California Senate Bill 9 passed recently, which will have a significant impact on local land use. The council has officially opposed the bill since March of this year.
The bill has few friends in local city governments. “SB 9 (Atkins) proposes to remove local control of what gets built in single-family residential zones,” according to a March staff report to the council.
In December 2020, Sen. Toni Atkins’ office issued a statement that reported SB9 “allows more homeowners to create a duplex or subdivide an existing lot in residential areas.”
This week, the League of California Cities urged the governor not to sign the bill. The Sun asked council members for their comments.
District Two Councilman
“I am in agreement with the League of California cities and 71% of residents (David Binder research poll) that oppose SB9,” wrote District Two Councilman Thomas Moore.
“It takes away control from local Cities and gives the State more authority where they may not know the individual components of housing as well as the local government. This issue crosses party lines where everyone in local governments is opposed to this,” Moore wrote.
“It is also not proven to help with additional affordable housing or solve any of the existing problems,” Moore wrote.
“Local cities get feedback from their residents and carefully plan out specific methods for how their City will grow. Leave control to the Cities,” Moore wrote.
District Four Councilwoman Schelly Sustarsic
“Yes, I agree with the League of California position and feel that SB 9 would have negative impacts on Seal Beach,” wrote Councilwoman Schelly Sustarsic.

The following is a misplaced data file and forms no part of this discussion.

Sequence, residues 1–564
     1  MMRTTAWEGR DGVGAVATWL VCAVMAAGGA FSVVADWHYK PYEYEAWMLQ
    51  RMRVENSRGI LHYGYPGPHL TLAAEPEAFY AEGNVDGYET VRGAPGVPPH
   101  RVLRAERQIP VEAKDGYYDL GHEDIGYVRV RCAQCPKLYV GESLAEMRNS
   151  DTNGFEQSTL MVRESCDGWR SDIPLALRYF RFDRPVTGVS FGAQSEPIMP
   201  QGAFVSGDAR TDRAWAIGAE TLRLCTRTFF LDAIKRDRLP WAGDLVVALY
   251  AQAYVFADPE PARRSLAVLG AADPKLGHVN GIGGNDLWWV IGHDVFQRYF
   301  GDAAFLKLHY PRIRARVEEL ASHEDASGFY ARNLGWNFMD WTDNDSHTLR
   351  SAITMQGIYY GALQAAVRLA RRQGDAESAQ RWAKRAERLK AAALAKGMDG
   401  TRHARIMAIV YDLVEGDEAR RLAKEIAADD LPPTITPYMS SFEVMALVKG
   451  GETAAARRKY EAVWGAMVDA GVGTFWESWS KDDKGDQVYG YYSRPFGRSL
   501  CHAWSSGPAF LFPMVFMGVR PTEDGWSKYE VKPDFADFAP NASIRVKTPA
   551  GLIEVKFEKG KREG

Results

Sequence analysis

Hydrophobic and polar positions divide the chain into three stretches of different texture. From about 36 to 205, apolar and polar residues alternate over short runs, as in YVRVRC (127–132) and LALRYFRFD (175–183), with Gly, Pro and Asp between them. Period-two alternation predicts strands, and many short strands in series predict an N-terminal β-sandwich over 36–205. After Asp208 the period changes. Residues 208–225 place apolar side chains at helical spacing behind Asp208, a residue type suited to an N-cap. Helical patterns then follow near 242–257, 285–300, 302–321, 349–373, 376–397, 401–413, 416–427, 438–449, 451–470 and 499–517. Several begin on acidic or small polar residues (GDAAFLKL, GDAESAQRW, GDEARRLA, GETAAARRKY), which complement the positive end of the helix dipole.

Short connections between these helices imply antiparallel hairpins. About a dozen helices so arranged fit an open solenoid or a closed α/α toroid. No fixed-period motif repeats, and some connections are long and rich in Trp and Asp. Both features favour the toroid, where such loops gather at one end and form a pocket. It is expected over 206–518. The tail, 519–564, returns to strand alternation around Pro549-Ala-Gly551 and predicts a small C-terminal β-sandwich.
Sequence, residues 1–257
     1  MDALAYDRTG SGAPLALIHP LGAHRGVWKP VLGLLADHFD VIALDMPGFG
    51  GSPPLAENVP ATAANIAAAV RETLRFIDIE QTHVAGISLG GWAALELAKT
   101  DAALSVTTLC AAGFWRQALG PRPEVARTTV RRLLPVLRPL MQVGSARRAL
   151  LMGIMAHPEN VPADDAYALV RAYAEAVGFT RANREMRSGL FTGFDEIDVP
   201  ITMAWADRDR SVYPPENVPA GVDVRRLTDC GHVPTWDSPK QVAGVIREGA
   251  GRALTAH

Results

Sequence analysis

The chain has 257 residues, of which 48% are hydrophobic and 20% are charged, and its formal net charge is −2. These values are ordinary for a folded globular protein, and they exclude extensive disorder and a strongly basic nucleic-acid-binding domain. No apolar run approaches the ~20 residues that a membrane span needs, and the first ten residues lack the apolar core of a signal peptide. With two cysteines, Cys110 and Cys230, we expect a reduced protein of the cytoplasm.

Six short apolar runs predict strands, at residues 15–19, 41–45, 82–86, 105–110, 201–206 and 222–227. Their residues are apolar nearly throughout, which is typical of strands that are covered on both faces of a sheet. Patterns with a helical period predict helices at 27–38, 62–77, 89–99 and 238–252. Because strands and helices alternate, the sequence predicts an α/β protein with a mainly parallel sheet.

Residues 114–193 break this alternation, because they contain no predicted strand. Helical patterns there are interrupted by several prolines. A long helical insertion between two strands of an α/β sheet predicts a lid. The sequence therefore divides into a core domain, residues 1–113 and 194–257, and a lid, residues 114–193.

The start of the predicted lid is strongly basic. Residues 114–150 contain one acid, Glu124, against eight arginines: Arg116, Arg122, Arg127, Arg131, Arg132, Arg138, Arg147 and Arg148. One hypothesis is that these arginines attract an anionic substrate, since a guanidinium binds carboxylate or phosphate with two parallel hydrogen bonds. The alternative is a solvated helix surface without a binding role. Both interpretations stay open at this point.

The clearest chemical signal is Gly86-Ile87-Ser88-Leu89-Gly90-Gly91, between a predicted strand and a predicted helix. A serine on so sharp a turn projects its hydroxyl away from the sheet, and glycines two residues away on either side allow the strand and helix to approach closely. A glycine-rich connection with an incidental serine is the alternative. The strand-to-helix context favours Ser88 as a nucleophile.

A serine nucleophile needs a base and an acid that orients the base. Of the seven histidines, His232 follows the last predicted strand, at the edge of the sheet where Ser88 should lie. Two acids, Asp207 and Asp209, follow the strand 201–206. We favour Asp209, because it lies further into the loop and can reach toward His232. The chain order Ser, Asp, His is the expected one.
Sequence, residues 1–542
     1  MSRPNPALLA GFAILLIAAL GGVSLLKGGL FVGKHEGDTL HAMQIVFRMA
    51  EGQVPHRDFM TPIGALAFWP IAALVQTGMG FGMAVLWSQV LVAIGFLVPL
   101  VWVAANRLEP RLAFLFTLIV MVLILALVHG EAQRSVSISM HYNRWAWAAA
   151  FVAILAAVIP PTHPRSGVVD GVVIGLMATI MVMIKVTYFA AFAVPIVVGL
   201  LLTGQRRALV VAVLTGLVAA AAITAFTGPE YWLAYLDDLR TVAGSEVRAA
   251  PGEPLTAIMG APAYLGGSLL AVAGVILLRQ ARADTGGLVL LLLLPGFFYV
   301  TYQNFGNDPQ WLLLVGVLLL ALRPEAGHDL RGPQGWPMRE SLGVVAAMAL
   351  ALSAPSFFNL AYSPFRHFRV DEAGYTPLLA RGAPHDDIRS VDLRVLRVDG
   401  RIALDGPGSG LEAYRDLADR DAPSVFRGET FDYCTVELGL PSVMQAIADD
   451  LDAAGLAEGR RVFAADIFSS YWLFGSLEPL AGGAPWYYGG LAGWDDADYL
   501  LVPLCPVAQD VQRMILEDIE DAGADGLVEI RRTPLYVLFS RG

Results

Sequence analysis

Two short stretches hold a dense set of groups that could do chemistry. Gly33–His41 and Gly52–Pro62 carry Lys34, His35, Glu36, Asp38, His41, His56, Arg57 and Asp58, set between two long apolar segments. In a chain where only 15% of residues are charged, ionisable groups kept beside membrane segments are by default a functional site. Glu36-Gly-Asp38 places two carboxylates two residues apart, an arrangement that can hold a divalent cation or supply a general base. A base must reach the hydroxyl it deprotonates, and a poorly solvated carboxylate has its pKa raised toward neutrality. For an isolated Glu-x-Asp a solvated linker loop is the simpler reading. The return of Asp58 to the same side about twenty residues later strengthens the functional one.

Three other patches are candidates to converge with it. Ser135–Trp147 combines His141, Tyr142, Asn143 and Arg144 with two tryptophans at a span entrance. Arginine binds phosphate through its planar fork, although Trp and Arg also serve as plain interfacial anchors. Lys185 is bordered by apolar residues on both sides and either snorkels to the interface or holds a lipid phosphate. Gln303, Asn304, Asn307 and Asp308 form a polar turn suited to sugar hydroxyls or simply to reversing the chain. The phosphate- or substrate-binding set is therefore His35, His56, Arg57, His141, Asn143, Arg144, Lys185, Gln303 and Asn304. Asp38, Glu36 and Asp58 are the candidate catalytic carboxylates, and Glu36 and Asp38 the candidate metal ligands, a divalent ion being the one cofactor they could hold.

“As the League said, SB 9 would take away the local control that cities now have to plan in single-family neighborhoods,” Sustarsic wrote.
“It attempts to add more housing by allowing lot splits, which would allow development of at least 4 units on a single lot (with 4-foot setbacks),” Sustarsic wrote.
“There is no requirement for affordable housing – just denser housing – at market rate,” Sustarsic wrote.
“And it is a one-size-fits-all approach in a very diverse state. Property owners are already able to add an ADU [accessory dwelling unit] and JADU [junior accessory dwelling unit] to their properties,” Sustarsic wrote.
“It would be difficult for most homeowners to do a lot split and develop several units on these lots (pay off their mortgage, demo their home, get a construction loan, and build multiple units with today’s high construction costs),” Sustarsic wrote.
“However, this is not the case for investors and developers. Instead of just outbidding others and flipping houses, they would be able to then build denser housing in our single-family neighborhoods – and not have to deal with CEQA [California Environmental Quality Act],” Sustarsic wrote.
“Also, a public review or hearing would no longer be required. I have read that few properties would be affected and that SB 9’s effects would be incremental,” Sustarsic wrote.
“However, if 4 units were constructed next door to another home, might the property owner next door then decide to move? The bill states that the same developer cannot build on an adjacent property, but another developer may,” Sustarsic wrote.
On Sept. 1, Sustarsic emailed the following follow-up comments:
“These bills have had a few amendments—to try to make them more palatable.
“Polling shows that voters are overwhelmingly against them. However, the California legislature seems likely to pass them and the Governor likely to sign them.”